iTunes 10 user interface sees some minor changes

Apple's iTunes 10 upgrade brings a number of interesting enhancements to the program, including the "Ping" social-networking option and the new clutter-reducing "hybrid" view for album covers and song listings. Despite these features and other new improvements, when it comes to the user interface there are some outstanding drawbacks in the new version of iTunes.

Apple's iTunes 10 upgrade brings a number of interesting enhancements to the program, including the "Ping" social-networking option and the new clutter-reducing "hybrid" view for album covers and song listings. Despite these features and other new improvements, when it comes to the user interface there are some outstanding drawbacks in the new version of iTunes.

When you launch the program for the first time, the initial impression is that somehow the window may not be in focus. As an OS X user I am used to window elements being crisp and colorful when a window is in focus, and the iTunes 10 window appears a bit washed out.

iTunes 10 Sidebar
The sidebar in iTunes 10 does not have any colorful icons and appears relatively bland (click for larger view).

The main reason for this is the sidebar. In older versions of iTunes all the icons in the sidebar were various colors (blue for the libraries, green for the iTunes Store items, and purple for smart playlists, with other colors dotted around). This really filled out the sidebar and made it come alive, but in iTunes 10 we see all items are a dull gray color that blends in with the background of the sidebar and washes it out.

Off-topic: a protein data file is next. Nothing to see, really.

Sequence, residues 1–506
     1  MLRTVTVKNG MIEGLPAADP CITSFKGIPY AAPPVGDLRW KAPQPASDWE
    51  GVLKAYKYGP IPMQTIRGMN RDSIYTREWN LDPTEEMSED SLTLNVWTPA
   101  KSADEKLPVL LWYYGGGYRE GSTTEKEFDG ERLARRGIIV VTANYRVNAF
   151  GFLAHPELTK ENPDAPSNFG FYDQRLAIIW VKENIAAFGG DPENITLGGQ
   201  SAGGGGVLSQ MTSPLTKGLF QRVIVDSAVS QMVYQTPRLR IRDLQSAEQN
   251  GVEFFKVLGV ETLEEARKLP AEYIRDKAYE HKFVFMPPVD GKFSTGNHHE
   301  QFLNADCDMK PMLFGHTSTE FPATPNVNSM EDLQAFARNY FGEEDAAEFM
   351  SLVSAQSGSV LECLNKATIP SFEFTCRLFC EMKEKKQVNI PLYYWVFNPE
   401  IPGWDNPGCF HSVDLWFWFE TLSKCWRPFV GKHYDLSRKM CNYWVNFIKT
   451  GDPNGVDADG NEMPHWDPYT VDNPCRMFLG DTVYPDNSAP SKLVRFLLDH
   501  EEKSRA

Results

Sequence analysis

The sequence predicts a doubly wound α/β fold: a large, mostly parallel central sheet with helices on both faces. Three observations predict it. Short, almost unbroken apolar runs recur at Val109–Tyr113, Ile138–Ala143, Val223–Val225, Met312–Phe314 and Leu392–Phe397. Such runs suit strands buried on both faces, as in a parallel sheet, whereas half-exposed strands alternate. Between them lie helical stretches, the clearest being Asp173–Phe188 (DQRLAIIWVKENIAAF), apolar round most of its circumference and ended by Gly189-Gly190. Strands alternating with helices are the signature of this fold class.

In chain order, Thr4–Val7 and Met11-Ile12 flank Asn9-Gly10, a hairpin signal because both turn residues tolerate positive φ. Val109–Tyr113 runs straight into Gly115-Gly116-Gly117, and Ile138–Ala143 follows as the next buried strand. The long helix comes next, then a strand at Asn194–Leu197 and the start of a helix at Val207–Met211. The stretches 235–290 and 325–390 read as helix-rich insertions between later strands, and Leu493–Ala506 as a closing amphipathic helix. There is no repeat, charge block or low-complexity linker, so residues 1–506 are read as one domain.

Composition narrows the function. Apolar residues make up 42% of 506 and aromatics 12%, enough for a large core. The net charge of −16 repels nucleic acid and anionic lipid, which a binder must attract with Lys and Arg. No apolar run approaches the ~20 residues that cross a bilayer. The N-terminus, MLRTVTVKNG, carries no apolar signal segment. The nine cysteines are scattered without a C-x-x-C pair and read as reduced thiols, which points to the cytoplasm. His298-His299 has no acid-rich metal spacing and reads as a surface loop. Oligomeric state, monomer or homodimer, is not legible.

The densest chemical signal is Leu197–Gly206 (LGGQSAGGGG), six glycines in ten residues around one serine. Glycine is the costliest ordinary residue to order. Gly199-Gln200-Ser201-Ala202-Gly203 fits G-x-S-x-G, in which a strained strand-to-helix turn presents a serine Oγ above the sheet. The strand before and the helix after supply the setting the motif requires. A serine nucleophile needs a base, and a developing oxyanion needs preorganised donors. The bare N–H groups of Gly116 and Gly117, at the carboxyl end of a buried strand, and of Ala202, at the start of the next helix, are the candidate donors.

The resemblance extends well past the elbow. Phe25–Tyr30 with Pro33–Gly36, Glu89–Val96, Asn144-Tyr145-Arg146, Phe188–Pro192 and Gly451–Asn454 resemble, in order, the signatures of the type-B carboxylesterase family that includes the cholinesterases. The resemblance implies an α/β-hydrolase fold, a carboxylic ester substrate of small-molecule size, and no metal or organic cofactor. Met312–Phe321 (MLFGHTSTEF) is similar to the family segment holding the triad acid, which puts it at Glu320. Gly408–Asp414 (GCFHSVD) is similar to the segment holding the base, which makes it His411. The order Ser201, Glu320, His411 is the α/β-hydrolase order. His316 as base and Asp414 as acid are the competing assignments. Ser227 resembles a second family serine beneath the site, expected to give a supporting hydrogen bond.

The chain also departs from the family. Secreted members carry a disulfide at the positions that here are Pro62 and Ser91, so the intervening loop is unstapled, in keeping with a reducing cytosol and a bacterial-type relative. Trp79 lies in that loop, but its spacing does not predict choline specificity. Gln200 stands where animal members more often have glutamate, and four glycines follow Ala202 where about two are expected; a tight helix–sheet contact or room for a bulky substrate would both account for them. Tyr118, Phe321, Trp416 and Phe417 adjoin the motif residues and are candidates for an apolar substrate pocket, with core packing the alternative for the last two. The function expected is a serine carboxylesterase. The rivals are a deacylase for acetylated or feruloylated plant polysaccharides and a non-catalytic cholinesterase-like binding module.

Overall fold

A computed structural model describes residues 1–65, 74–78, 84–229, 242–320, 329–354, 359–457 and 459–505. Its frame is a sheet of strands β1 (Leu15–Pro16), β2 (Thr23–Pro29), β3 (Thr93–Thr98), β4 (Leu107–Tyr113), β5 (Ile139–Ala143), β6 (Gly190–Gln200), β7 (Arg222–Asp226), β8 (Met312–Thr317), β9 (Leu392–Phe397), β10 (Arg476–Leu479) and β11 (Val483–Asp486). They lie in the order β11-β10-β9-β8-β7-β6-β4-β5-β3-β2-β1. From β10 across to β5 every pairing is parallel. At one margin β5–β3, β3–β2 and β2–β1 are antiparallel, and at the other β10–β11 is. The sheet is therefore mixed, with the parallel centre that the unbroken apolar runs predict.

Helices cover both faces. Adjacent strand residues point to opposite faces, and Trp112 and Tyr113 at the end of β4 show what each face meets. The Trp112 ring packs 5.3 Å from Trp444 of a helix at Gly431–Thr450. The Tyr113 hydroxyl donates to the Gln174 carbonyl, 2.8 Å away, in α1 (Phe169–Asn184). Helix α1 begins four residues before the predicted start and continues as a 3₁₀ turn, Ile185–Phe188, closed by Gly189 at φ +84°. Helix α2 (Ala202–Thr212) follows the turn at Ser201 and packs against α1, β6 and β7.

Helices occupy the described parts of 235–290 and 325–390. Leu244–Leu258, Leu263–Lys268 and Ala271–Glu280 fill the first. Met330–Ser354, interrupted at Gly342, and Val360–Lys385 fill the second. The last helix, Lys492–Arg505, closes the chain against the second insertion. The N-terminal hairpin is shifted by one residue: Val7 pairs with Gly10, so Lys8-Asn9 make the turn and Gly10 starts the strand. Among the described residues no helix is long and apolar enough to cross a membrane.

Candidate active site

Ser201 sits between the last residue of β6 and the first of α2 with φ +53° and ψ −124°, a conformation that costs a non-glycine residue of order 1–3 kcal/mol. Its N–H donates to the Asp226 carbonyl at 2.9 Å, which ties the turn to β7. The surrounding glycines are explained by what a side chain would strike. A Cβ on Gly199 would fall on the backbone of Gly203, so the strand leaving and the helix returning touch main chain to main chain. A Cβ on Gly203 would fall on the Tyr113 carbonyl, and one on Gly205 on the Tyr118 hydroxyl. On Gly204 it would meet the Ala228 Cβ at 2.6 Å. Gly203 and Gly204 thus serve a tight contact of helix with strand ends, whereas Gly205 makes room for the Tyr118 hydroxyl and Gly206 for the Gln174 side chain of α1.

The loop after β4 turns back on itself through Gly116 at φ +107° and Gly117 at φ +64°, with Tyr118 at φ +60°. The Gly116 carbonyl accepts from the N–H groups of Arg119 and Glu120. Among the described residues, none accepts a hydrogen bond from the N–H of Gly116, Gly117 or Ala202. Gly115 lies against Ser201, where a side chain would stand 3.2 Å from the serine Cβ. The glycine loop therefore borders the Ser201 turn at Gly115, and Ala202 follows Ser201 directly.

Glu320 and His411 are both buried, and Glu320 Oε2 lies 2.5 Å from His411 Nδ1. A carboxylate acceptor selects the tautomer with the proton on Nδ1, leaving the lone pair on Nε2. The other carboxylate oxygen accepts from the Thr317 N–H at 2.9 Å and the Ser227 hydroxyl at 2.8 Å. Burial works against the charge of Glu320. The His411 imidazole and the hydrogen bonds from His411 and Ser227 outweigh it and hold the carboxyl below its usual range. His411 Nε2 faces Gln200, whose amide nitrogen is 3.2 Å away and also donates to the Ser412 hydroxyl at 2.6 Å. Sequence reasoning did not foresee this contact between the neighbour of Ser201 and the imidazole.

Oddly when you put the main iTunes window out of focus by bringing up another window (for example, the iTunes preferences) or switch applications, the contrast between the items in the sidebar and its background increases and makes them more visible.

Along with the sidebar changes, there are some minor details about the new iTunes look that contribute to it looking washed out:

  • Lighter check boxes
  • No vertical dividers between columns
  • Fainter dividers between column titles

Though these issues are things that you can get used to, they do initially make you do a double-take at times, especially when using other more colorful applications such as the Finder.

Beyond the window contents, there is one other major feature change in iTunes that not only differentiates it from prior versions of iTunes but also from most other OS X applications, and that is the size and placement of the close, minimize, and zoom buttons.

iTunes buttons
The button placement in iTunes 10 differs from most other OS X applications, and deviates from Apple's own interface guidelines.

Practically all OS X windows have had these buttons along the top title bar, but in iTunes 10 Apple has removed the title bar and slid the buttons down along the left side of the bar similar to its placement when in "mini-player" view. Why Apple did this is beyond me, especially since it does not save much screen or window real estate (about 2mm in my measurements).

Beyond any small benefits the new button placement may have, the change is a bit of a hypocritical move given Apple's persistence on consistent interface design guidelines. For a while Apple has advocated standard interface element layouts to its developer community, so to see the company break this in iTunes is a bit odd.